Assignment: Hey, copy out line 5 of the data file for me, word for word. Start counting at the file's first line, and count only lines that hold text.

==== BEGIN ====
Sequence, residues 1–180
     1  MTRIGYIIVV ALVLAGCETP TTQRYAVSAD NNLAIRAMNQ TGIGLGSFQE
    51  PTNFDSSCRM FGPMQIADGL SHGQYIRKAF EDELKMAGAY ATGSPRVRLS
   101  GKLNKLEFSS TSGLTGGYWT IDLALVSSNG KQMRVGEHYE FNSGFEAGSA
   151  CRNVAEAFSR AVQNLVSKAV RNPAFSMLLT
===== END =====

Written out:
   151  CRNVAEAFSR AVQNLVSKAV RNPAFSMLLT